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In this fanciful volume, Dutch architect Rem Koolhaas, founder of the Office for Metropolitan Architecture (O.M.A.), both analyzes and celebrates New York City. By suggesting the city as the site for an infinite variety of human activities and events--both real and imagined--the essence of the metropolitan lifestyle, its "culture of congestion" and its architecture are revealed in a brilliant new light. "Manhattan," Koolhaas writes, "is the 20th century's Rosetta stone . . . occupied by architectural mutations (Central Park, the Skyscraper), utopian fragments (Rockefeller Center, the U.N. Building), and irrational phenomena (Radio City Music Hall)." Filled with fascinating facts, as well as photographs, postcards, maps, watercolors, and drawings, the vibrancy of Koolhaas's poignant exploration of Gotham equals the heady, frenetic energy of the city itself. Anyone who loves New York will want to own this book.
"Koolhaas's retroactive manifesto explains Manhattan's architecture as the physical embodiment of a 'culture of congestion,' " said LJ's reviewer of this mixture of architectural theory and social commentary (LJ 3/15/79).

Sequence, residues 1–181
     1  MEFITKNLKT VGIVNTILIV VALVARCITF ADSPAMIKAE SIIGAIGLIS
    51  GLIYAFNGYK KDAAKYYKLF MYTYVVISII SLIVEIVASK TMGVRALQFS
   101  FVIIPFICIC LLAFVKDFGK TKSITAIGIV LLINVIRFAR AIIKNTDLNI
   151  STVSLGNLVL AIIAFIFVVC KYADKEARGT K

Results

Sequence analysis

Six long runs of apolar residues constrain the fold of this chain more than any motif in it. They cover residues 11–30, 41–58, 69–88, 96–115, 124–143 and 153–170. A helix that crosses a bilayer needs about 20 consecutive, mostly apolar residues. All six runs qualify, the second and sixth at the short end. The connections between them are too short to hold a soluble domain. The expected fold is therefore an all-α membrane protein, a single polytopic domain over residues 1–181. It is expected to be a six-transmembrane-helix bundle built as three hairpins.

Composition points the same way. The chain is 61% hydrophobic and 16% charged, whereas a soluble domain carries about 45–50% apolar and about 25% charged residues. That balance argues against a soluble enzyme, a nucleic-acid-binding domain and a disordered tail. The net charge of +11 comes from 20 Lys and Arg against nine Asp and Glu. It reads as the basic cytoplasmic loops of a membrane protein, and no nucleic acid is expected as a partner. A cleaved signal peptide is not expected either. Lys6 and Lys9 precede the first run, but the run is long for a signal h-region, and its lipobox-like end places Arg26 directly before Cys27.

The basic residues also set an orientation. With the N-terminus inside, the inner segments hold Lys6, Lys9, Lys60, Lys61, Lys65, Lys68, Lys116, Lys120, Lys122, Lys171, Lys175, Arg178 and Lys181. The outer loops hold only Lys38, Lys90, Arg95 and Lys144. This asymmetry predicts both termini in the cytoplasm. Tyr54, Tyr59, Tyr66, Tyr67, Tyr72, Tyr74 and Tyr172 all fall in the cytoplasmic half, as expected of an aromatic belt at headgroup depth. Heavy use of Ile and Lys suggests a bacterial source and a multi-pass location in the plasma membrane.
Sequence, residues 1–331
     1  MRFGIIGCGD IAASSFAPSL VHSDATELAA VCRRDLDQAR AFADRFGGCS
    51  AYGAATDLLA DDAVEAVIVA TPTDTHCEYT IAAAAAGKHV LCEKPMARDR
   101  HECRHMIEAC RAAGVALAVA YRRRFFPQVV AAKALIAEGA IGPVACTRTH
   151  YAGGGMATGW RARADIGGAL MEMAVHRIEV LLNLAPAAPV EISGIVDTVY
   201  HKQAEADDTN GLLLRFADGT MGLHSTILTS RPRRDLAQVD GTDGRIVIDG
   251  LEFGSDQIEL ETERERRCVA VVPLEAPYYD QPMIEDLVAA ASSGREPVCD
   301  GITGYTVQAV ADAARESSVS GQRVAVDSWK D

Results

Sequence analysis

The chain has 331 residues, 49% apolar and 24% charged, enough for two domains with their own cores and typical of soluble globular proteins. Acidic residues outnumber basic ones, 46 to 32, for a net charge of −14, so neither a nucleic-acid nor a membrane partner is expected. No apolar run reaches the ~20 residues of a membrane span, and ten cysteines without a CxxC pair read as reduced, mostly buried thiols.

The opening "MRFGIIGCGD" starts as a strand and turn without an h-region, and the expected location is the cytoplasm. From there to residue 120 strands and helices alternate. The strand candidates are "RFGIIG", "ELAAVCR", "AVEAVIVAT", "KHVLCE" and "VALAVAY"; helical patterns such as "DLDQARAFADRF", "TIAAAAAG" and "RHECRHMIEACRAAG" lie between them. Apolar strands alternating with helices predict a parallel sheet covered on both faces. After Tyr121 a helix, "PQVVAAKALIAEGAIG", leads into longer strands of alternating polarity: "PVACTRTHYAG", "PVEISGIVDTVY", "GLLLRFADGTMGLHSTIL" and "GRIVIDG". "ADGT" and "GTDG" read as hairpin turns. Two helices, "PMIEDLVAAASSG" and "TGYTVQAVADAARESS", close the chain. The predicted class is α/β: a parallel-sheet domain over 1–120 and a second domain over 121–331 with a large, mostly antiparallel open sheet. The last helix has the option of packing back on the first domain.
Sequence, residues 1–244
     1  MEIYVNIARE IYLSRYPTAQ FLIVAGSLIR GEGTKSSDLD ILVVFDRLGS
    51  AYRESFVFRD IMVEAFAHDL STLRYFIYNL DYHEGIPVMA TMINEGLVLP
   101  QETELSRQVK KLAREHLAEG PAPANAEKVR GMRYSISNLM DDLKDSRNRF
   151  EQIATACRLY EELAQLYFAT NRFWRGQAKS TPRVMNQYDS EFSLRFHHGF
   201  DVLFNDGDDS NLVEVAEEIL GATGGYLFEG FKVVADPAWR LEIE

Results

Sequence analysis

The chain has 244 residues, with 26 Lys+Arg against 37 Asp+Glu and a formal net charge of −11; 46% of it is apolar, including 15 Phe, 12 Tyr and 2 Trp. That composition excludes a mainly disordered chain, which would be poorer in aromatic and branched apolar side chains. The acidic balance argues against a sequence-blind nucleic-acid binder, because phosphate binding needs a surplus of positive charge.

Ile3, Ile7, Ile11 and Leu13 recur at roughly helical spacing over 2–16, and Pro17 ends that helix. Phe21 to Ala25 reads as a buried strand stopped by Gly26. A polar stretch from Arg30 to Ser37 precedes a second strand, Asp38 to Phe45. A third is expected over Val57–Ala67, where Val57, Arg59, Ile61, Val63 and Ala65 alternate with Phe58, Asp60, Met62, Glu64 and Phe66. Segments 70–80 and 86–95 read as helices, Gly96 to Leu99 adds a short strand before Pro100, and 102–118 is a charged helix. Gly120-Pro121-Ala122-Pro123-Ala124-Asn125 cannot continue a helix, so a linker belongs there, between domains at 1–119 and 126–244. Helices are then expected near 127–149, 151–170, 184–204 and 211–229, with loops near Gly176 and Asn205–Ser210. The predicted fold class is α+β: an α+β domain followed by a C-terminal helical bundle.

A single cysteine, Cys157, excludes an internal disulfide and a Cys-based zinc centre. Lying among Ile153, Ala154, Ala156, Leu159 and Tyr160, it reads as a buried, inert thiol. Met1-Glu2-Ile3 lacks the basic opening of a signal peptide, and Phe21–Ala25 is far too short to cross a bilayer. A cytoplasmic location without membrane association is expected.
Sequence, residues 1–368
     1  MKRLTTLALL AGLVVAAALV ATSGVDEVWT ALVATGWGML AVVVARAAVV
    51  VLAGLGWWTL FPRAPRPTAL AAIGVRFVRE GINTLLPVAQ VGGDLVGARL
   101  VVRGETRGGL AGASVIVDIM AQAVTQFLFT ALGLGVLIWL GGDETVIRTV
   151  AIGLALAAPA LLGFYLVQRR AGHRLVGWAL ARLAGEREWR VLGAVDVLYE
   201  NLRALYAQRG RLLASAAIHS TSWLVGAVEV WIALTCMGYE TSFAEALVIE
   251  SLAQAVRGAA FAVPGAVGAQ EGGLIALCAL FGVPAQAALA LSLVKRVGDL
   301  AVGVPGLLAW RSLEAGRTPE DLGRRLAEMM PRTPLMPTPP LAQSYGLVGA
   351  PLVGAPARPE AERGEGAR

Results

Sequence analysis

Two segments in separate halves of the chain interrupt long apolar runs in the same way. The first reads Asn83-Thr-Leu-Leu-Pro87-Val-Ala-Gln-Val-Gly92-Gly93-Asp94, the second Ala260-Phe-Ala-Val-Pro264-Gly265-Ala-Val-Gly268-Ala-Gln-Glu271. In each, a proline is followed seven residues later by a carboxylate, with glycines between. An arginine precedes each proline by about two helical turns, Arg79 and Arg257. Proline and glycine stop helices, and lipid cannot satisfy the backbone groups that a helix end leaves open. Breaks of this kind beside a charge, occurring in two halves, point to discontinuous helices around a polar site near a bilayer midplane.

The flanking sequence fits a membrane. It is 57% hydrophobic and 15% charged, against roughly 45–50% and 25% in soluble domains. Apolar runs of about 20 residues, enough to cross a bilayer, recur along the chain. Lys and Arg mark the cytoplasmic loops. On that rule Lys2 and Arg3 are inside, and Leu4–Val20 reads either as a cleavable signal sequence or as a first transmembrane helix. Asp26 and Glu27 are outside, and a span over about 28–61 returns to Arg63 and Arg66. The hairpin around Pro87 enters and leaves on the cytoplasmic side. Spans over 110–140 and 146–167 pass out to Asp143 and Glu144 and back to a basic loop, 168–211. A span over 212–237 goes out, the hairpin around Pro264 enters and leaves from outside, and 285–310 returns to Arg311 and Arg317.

Copyright 1995 Reed Business Information, Inc.
A rambling, disturbing, revealing look at New York's evolution. Why the skyscraper, why the grid, why the congestion? Read morePublished 5 months ago by R. Pollak
Fascinating from start to finish. This is a gripping history of the city of New York, tracing its architectural evolution from the Dutch's rational plotting the grid of Manhattan... Read morePublished 8 months ago by DS
Lucidly written, it manages to be simultaneously clear yet poetic. The book manages to be cynical of the phenomenon that is New York while at the same time clearly being in... Read morePublished 9 months ago by Andre
This classic is a must read for every architect, urbanist and New York aficionado. Although written may years ago, the essence of the city, which Koolhaas correctly sensed and... Read morePublished 9 months ago by Xavier Atlas
an artsy fartsy, overly pretentious SNORE of a read, I believe some of the words used in this book don't even really exist at all, but the author simply wanted us to believe he... Read morePublished 12 months ago by Douglas B. Barr
Reem Koolhaas wrote this text as an final degree work. His analysis about NY and Mannhatan are great in importance.Published 18 months ago by andrekobashi